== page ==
Instead of sending tens of billions down a rat hole and ending up with a company that still loses money, GM should have been allowed to fail on its own. An intervention-free bankruptcy would have required all parties involved to take the haircuts necessary to emerge with a better chance of long-term success. Instead, here’s a dirty little secret: according to one of the United Auto Workers’ own communications to its members, whatever “concessions,” if any, that were made during the months before the company emerged from bankruptcy involved “no loss in your base hourly pay, no reduction in your health care, and no reduction in pensions.”
And finally, instead of embarking on a campaign of wasteful spending using Keynesian tactics that failed to work during the 1930s under Roosevelt and during the 1990s in Japan, Congress — in early 2008 when the first signs of a stumble appeared — should have permanently cut federal income and capital gains tax rates to below where they have been since 2003. This step would have given businesses, investors, and entrepreneurs more capital with which to make wiser resource allocation decisions. At the very least they would have invested in things and in places that really exist. Such a move would at a minimum have reduced the impact on the overall economy of the government-driven abject regulatory failure known as the housing downturn and could conceivably have prevented the recession completely.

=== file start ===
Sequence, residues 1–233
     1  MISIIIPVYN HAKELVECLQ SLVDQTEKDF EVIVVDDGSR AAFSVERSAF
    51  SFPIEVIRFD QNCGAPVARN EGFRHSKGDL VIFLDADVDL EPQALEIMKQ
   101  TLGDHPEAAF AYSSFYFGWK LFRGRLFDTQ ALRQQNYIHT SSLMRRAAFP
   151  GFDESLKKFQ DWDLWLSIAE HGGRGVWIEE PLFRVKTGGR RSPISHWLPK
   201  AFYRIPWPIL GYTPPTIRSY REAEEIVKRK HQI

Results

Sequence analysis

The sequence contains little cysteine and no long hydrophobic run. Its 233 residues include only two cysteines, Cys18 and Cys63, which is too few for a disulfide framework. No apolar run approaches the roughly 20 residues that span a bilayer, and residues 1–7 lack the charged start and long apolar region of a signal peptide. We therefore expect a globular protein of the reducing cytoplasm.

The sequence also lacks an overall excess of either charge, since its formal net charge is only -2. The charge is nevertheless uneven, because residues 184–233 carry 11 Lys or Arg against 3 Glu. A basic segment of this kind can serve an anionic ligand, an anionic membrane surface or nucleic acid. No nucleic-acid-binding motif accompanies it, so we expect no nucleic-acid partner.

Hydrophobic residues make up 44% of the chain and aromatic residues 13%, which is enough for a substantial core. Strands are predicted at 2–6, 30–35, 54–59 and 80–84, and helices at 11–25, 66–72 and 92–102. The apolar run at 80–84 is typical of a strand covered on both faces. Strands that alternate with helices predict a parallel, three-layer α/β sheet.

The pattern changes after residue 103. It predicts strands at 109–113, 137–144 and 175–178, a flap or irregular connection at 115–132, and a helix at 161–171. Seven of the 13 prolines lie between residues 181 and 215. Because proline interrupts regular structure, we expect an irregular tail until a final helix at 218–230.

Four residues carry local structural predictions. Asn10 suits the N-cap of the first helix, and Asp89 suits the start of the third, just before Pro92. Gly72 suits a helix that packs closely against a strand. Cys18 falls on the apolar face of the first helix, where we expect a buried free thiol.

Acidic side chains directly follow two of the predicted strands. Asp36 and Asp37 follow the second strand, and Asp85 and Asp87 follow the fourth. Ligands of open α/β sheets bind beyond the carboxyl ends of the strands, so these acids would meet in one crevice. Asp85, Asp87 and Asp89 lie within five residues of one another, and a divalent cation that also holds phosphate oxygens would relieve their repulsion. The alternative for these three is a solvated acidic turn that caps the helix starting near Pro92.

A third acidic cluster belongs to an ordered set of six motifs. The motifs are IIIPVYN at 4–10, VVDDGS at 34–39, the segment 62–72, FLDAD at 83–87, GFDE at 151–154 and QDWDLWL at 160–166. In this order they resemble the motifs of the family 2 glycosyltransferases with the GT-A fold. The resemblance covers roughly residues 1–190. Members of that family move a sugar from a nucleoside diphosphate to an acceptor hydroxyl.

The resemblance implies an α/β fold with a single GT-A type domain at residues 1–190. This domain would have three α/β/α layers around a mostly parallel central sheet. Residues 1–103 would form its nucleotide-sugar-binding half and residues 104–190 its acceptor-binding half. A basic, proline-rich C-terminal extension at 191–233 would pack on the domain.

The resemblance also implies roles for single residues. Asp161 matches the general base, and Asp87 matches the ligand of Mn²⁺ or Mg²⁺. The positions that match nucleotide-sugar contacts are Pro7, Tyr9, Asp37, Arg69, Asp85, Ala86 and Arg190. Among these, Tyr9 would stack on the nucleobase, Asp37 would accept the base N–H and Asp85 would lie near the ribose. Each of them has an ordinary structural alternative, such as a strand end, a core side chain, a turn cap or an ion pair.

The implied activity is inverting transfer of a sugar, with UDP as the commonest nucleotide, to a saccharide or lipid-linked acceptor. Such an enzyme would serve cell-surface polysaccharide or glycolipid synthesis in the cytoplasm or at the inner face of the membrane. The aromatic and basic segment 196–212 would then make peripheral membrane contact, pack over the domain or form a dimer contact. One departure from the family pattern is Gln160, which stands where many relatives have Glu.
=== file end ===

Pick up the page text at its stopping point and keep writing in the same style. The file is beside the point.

If private developers, private-sector companies, or investors make bad decisions or fail to manage their projects well, the damage is usually limited to their own immediate circle. But we all pay, and usually much more dearly, when governments try to take their place.
The micro and macro lessons are clear. So why do statists keep doing things that don’t work?
It could be that they are so blinded by their ideology that they are intellectually incapable of learning from their mistakes. But it’s much more probable that most of them have learned and simply don’t care. They would prefer having more power and control over a situation involving mediocrity and malaise to having less control over one of growth and prosperity. What they are trying to do to the best health care system in the world, the cost and permanent damage of which would over the long term dwarf the three examples I have cited here, demonstrates why the second alternative is more likely the correct one.